Monday, November 25, 2019

Child of St. Kilda

Child of St. Kilda by Beth Waters. Grades 2-5. Child's Play International, 2019. 64 pages. Review copy provided by my local library. 

I was going to include this book in my next picture book roundup, BUT I actually can't stop thinking about it and I decided I need to do a separate post about it just to make suuuuuure you don't miss it. November is a time of year that I always gravitate towards historical fiction and history and this book just hits that nostalgic historical spot that I crave this time of year. 

Norman John Gillies was one of the last children to live on St. Kilda. Born in 1925, Norman lived on the remote island of Hirta, part of the St. Kilda islands, about 100 miles off the coast of Scotland. His island home was so remote that animals had evolved that were different from any other animal in the world and sometimes there would be months without any contact from the outside world if the water was too rough for ships to pass and deliver mail. 

The people of St. Kilda had their community there and they lived peacefully. They didn't use money because they didn't need it - they operated on a trade basis and lived communally. You had to, in such a harsh and remote climate. But as time went on and technology and transportation improved, more and more people came to visit St. Kilda. Sometimes tourists brought disease with them - illnesses that the people of St. Kilda had no immunity to. And sometimes they brought word of an easier life on shore. As the people of St. Kilda succumbed to disease or younger people moved off the islands in search of an easier life, the population dwindled until it was finally so small that the community asked the British government to be relocated.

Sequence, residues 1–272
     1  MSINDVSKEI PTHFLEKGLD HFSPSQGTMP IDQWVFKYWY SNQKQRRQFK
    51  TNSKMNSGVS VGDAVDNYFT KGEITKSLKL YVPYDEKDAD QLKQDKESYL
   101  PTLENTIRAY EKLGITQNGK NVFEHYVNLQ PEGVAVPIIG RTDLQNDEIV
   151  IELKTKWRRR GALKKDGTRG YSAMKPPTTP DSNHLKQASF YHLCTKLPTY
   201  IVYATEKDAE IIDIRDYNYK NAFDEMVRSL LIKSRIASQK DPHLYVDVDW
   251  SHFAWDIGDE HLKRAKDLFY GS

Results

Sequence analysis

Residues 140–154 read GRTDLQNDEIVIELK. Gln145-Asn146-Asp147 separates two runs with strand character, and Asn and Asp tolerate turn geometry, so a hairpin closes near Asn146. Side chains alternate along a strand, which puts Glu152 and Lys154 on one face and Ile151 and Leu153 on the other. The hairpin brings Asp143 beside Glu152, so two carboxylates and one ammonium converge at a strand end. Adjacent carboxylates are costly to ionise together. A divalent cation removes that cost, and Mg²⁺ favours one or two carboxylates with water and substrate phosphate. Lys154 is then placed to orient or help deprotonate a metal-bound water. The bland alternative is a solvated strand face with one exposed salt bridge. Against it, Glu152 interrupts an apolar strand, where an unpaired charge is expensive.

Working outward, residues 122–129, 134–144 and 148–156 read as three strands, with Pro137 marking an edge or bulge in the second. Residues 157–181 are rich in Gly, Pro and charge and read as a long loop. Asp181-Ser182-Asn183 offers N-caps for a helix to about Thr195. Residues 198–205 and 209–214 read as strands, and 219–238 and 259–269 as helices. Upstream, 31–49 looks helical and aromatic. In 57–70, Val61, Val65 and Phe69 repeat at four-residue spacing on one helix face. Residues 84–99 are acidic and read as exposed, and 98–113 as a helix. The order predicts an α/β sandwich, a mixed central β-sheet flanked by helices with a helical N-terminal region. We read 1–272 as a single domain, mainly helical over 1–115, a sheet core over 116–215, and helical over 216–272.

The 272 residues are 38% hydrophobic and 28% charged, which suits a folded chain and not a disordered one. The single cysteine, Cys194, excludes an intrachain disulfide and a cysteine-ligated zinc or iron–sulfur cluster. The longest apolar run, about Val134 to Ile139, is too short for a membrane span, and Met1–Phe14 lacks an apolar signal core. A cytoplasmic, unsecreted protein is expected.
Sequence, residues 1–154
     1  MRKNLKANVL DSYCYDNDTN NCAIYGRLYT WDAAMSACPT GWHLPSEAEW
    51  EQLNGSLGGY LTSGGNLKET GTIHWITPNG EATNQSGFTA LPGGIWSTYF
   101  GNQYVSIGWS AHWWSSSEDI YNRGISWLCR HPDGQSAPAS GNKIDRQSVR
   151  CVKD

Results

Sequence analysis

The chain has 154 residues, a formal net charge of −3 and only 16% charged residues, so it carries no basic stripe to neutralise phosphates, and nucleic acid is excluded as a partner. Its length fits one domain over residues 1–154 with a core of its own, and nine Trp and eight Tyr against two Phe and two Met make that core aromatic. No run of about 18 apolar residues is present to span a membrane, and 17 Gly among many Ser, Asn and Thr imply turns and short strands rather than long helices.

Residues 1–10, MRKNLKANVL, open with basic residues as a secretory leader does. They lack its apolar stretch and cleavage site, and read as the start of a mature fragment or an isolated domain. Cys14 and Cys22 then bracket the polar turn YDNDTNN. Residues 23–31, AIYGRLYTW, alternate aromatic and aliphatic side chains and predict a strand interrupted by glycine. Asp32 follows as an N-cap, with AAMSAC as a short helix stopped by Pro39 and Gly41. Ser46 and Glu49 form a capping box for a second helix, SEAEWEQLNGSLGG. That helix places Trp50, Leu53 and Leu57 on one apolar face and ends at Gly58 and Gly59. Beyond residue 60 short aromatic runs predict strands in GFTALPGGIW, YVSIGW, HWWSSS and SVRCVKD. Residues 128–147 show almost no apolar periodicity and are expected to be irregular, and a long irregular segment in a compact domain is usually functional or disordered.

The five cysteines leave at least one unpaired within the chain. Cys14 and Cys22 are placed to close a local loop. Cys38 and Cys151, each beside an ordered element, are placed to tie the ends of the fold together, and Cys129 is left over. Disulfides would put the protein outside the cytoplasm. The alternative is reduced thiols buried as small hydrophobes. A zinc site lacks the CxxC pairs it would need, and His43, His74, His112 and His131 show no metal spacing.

I'm just fascinated by this tale of a people who are no longer really a people, a community that no longer exists, at least not in the way that it once did. Not to mention the unique animals found in St. Kilda - wrens and rodents that grow to enormous sizes due to their lack of predators, seabirds that aren't found anywhere else. The illustrations have a nostalgic air with their limited color palette, reminiscent of the picture books of the 1920s and 1930s when color was so expensive to print. It fits perfectly with the story. The sketchlike quality of the illustrations evokes the harsh landscape and brings to mind naturalists' sketchbooks. 

This is a true story and it's one that will fascinate a certain type of reader, those who are eager for a glimpse into the past and to learn about a people who no longer exist.